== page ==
Nnamdi Azikiwe, by now the best know nationalist leader in Nigeria, addressed the National Association for the Advancement of Colored People (NAACP) at its 50th anniversary celebration at the Polo Grounds, New York City, July 19, 1959. His speech appears below.
I am greatly indebted to the National Association for the Advancement of Coloured People for the invitation to speak on this occasion of the celebration of its fiftieth anniversary. For five decades, this organization has been in the vanguard of the struggle for human freedom in America. Its objective has been the attainment of equal rights for people of African descent and other peoples of colour who are citizens of this great bastion of democracy.
In the thoughts of Abraham Lincoln, this country was conceived in liberty of the individual and it was dedicated to the idea that democracy as a way of life can only be meaningful not only to its inhabitants but to the rest of the world if all facets of its society respect human dignity in the noble attempt to create equality of opportunity for all.
For 183 years, the people of the United States have been involved in a historic experiment to determine whether democracy can survive as an ideology which places a high premium on the value of the individual in a society which is heterogeneous. Throughout this period, this great country has been the cynosure of the world. Every little mistake in human relations has been magnified out of its proportions. Every error of judgement in the relations of the races has been critically analysed. And every act of injustice based on such extraneous factors as race, colour, creed or station in life has been subjected to the most severe strictures.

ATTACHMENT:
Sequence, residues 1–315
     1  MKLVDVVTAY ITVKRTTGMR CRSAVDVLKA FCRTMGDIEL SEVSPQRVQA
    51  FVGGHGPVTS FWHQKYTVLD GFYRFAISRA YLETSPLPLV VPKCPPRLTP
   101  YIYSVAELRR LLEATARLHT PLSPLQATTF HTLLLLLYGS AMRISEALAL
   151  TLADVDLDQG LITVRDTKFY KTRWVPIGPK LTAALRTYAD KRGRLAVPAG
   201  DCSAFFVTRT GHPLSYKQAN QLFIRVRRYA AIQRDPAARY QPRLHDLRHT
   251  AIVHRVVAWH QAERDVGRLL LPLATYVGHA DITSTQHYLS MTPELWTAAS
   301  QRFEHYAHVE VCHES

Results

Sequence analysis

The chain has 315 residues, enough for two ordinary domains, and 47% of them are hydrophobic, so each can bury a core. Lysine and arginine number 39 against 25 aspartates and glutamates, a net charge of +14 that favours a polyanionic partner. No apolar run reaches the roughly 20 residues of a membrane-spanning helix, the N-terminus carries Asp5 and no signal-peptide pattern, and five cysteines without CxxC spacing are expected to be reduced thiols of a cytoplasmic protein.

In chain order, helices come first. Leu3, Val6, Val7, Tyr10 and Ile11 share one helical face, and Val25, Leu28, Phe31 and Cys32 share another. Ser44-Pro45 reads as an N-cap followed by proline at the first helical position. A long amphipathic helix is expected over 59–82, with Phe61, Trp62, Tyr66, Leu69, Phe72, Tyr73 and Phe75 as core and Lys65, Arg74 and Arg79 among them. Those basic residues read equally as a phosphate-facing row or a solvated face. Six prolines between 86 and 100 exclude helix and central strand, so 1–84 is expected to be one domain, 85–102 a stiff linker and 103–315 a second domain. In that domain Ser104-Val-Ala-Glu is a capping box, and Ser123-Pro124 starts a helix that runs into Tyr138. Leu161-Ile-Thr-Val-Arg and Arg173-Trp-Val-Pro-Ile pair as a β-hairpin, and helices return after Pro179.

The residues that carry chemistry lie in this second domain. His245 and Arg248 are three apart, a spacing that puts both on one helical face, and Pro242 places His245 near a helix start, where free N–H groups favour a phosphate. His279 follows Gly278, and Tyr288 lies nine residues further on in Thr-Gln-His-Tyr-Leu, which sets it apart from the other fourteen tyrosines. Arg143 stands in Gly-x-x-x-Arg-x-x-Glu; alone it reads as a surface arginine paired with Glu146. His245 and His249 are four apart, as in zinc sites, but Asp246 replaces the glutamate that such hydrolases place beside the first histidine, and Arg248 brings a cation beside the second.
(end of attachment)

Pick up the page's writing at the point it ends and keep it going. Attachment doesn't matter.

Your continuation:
Such a negative attitude has not been due to any inveterate hatred of the United States per se (although we must admit that those with axes to grind cannot but make capital out of such slips), but the main reason is the universal respect which the world has for this country. Because of this high esteem, the outside world expects